Updated: Oct 2
Breathe. It's a simple yet profound act that we perform roughly 25,000 times a day, and yet many of your students take it for granted. In recent times, however, the importance of conscious breathing has gained well-deserved attention. James Nestor, the author of "Breath: The New Science of a Lost Art," has highlighted how our breathing habits have changed and how mastering the art of proper breathing can positively impact our overall health. As yoga teachers, understanding the science and art of breathing is pivotal to our teaching. In this blog post, we will explore how mindful breathing can elevate not only our yoga practice but also the lives of our students.
1. The Breath-Mind Connection
In the wake of the COVID-19 pandemic, more people are recognizing the significance of their breath. The way we breathe affects us at a cellular level, influencing various aspects of our health, including weight, athletic performance, allergies, mood, and stress levels. As yoga teachers, it is our responsibility to help our students understand the profound connection between breath and well-being.
Teach your students to breathe through their noses, as nasal breathing filters, heats, and treats the air. It also increases oxygen intake and raises nitric oxide levels, which enhances circulation and influences immune function, weight, and mood. Breathing through the mouth has uses and benefits too - think about releasing an exhale through pursed lips and the relaxing effect that has.
Yoga offers help for congestion in the form of neti pots, or even the inhalation of essential oils like eucalyptus or peppermint.
2. Deepen the Breath
In our daily lives, we often engage only a fraction of our diaphragm, leading to shallow chest breathing. This shallow breathing can strain muscles, burden the heart, and keep us in a state of constant stress. Diaphragmatic breathing, sometimes referred to as belly breathing, can retrain students to breathe deeply, allowing their bodies to absorb more oxygen and nudge their nervous systems towards a more restful state.
Teach your students belly breathing techniques. Have them lie flat on their backs with one hand on their chest and the other on their belly, focusing on expanding the abdomen while inhaling through the nose. This technique not only promotes deep breathing but also helps in reducing stress.
Encourage your students to incorporate mindful belly breathing into their daily routines, whether they are lying down, sitting, or standing.
3. Release Upper Body Tension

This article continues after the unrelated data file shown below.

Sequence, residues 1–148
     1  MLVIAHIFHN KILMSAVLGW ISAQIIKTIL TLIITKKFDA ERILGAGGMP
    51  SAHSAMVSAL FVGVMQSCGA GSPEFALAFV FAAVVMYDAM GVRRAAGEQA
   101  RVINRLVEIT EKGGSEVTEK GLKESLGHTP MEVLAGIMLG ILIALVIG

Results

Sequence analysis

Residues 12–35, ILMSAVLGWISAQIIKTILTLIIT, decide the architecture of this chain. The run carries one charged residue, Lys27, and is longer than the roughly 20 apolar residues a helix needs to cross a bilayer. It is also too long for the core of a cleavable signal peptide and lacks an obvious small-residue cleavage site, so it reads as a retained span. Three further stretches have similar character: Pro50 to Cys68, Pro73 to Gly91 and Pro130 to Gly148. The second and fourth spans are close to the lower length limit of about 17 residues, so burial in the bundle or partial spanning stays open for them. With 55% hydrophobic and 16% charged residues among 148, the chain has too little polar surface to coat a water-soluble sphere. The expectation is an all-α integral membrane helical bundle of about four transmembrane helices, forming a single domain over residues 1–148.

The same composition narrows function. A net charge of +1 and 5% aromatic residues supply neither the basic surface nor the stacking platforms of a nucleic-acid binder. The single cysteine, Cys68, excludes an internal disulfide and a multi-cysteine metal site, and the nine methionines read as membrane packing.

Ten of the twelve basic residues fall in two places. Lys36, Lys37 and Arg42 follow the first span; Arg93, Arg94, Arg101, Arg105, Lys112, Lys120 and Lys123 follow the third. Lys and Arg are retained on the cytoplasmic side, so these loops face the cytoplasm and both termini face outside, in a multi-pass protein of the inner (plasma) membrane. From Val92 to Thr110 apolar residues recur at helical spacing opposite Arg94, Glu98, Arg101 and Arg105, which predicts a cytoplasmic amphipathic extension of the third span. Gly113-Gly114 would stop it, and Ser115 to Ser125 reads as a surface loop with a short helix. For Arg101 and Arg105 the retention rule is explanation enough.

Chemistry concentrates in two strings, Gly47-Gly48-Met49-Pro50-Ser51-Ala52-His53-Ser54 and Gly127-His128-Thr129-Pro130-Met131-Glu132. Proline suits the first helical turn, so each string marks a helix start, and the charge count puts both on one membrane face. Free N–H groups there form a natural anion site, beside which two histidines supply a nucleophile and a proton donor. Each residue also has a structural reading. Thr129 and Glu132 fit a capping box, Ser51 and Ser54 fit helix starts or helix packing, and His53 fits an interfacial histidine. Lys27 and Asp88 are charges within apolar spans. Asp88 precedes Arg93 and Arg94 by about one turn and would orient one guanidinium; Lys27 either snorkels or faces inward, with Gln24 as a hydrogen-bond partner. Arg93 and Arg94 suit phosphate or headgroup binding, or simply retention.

Many of our students unknowingly hold tension in their upper bodies, which can restrict their ability to breathe deeply and comfortably. As yoga teachers, we can guide them in relieving this tension through simple exercises.
Suggest using tennis or massage balls to massage the upper body. These exercises can help loosen, lengthen, and relax the muscles of the neck, shoulders, upper chest, and back.
Recommend specific ball-rolling exercises, such as pectoral rolls, intercostal rolls, upper back rolls, and neck releases, to target areas of tension and improve breath capacity.
4. Improve Posture
Poor posture can restrict the diaphragm and impede proper breathing. Yoga offers excellent solutions to correct posture and enhance breath control.
Teach your students postural exercises like the cat/cow pose, wide-legged forward fold, and supine spinal twist. These poses can stretch the legs, lengthen the back, open the shoulders, and improve posture, ultimately aiding in better breath control.
Emphasize the importance of maintaining good posture throughout their daily lives, as this habit will have a lasting impact on their breathing patterns.
5. Control the Nervous System
As yoga teachers, we understand the intricate connection between breath and the nervous system. Breathing consciously and focusing on the exhale can activate the parasympathetic nervous system, promoting relaxation and overall well-being.
Educate your students on how the breath directly affects the nervous system. Explain the "fight-or-flight" and "rest-and-digest" responses and how conscious breathing can switch between them.
Guide your students through breath control techniques that promote relaxation, such as deep, slow breaths and mindfulness practices.
Breathing is not just an automatic bodily function; it's a tool for transformation and improved well-being. As yoga teachers, we have the privilege of sharing the gift of mindful breathing with our students. By incorporating these exercises and teachings into our classes, we can help our students connect with their breath, reduce stress, and embark on a journey of self-discovery through the art of breathing. So, let's take a deep breath together and embrace the profound impact it can have on our lives and the lives of our students.
We want to hear from you. How much do you know about the anatomy and science of the breath? Do you incorporate science and anatomy into your classes when it comes to pranayama? What are your favourite pranayama techniques to practice and teach and why? Are you curious to explore more about the science of breath, as well as the ancient techniques of pranayama in your training?